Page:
Sportsmanship not only has tangible effect on the recipient, but an intangible one on those who witness the act. One of Margie’s teammates said, “Supporting your teammates is somewhat easy. The true indication of a person’s character is how they treat their competition. Margie is one of the very few people I have met who is as excited that her competitors got a personal best, or won the race, as she is when she herself does. During one of the first races of her cross country senior season, Margie fell and hurt her knee. The race was packed and the course was tight, so a lot of girls fell. One girl in particular fell hard, right by Margie. Margie stayed with the girl until she was sure she would not be trampled, then continued running, shouting to parents for help for the fallen girl. Margie still managed to run a wonderful time, but no doubt it would have been better had she not stopped to help. Her selflessness is astounding.”
Actions speak for themselves, and Margie Lodes’ actions speak volumes about her personality and positive character.
Mark Moore is a four-sport athlete who has matured in age and character over the years. The Hillsboro Intermediate principal is especially impressed with his personal growth. “I have known Mark for the past ten years, as a student in the Hillsboro R-3 School District and have found him to be a very intelligent, caring and dedicated young man with amazing leadership potential. More than any other player I have seen, Mark has made it his mission to grow these last four years as a model in his character on the field or court.”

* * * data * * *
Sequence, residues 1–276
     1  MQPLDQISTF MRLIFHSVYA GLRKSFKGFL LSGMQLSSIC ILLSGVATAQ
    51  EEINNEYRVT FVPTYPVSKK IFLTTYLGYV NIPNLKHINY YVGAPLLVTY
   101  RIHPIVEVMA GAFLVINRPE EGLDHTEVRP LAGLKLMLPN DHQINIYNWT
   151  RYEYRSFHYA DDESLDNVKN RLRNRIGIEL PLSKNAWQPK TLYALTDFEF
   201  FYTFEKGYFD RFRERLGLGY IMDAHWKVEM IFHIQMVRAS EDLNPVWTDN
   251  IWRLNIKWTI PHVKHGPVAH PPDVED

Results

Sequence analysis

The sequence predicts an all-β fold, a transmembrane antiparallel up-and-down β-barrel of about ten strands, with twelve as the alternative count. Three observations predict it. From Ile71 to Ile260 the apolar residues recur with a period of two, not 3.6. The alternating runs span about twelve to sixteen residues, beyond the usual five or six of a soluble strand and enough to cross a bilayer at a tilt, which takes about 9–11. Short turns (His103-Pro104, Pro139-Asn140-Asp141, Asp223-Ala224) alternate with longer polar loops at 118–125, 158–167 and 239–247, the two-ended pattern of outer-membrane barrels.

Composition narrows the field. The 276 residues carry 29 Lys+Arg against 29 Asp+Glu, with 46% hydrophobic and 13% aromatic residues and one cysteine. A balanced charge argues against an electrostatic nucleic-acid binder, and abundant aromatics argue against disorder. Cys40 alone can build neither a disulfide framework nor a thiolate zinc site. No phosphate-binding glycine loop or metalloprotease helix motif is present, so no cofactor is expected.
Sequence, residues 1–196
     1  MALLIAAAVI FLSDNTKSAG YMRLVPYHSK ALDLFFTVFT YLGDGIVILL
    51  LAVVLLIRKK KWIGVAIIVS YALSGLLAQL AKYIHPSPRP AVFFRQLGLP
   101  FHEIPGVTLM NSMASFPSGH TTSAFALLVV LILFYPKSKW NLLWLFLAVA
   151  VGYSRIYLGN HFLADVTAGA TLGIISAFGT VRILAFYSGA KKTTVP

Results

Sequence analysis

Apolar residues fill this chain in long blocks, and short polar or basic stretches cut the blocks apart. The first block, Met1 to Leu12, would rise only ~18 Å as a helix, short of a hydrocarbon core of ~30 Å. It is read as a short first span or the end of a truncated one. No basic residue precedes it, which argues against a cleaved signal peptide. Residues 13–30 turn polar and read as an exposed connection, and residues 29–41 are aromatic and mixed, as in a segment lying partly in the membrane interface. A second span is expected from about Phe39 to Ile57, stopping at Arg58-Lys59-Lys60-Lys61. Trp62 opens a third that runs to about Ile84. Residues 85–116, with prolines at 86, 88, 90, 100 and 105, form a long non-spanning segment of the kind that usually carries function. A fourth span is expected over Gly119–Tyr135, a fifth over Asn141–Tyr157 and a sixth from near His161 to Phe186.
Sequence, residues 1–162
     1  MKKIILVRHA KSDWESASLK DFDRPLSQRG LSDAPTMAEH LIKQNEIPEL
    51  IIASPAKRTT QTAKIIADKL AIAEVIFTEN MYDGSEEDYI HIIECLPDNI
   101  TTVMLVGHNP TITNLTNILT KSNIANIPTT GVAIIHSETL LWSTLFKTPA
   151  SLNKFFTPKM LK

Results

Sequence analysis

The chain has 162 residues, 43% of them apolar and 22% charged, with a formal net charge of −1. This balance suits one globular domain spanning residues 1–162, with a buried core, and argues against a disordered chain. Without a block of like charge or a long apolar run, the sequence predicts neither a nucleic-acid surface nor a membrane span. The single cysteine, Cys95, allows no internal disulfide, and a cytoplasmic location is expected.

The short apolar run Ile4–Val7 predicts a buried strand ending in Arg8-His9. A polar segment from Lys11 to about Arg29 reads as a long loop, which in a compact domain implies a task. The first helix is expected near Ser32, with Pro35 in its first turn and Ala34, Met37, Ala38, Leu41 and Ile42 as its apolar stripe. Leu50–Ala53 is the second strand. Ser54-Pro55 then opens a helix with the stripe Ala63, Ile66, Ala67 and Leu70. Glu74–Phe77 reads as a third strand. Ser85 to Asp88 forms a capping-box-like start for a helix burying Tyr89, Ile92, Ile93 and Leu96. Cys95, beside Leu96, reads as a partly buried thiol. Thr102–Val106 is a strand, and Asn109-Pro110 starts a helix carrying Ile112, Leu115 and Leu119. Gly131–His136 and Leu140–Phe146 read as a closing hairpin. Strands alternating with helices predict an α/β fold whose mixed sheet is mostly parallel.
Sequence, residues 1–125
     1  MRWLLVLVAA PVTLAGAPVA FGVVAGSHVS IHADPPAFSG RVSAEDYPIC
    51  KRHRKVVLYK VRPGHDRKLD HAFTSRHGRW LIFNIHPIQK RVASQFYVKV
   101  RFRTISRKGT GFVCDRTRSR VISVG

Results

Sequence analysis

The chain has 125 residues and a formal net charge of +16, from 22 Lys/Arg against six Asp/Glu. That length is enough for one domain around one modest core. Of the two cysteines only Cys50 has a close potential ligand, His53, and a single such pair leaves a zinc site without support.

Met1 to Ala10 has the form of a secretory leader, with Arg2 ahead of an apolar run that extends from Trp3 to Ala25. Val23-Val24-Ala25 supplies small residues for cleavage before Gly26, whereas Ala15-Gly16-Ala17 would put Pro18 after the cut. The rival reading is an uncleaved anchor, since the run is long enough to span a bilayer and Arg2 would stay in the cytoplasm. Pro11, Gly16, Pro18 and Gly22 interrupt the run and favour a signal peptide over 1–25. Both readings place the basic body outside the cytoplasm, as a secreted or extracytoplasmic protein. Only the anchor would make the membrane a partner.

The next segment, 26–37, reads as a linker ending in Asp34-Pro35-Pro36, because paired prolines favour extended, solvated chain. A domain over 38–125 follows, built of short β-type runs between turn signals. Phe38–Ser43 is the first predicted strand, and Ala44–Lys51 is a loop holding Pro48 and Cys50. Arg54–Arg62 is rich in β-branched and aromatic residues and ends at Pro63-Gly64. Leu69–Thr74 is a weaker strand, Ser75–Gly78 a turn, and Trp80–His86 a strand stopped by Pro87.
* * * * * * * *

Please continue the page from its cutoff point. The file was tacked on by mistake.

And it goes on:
Mark’s soccer coach provided even more evidence of his turn toward sportsmanship and positive character traits. “Perhaps the best way to describe Mark’s sportsmanship is in his interactions with opponents. For example, Mark’s freshman year of soccer, his team was on the verge of winning a district championship against a conference rival—a team Hillsboro had already played several times that season. As time ran out in the match, the Hillsboro sideline rushed the pitch to celebrate—all but one player anyway. Away from the celebration, there’s Mark. He had gone to the opponent’s side of the field to console their best player. That moment defines Mark as a competitor.”
Mark cares more about people than trophies. He proves relationships are more valuable than championships.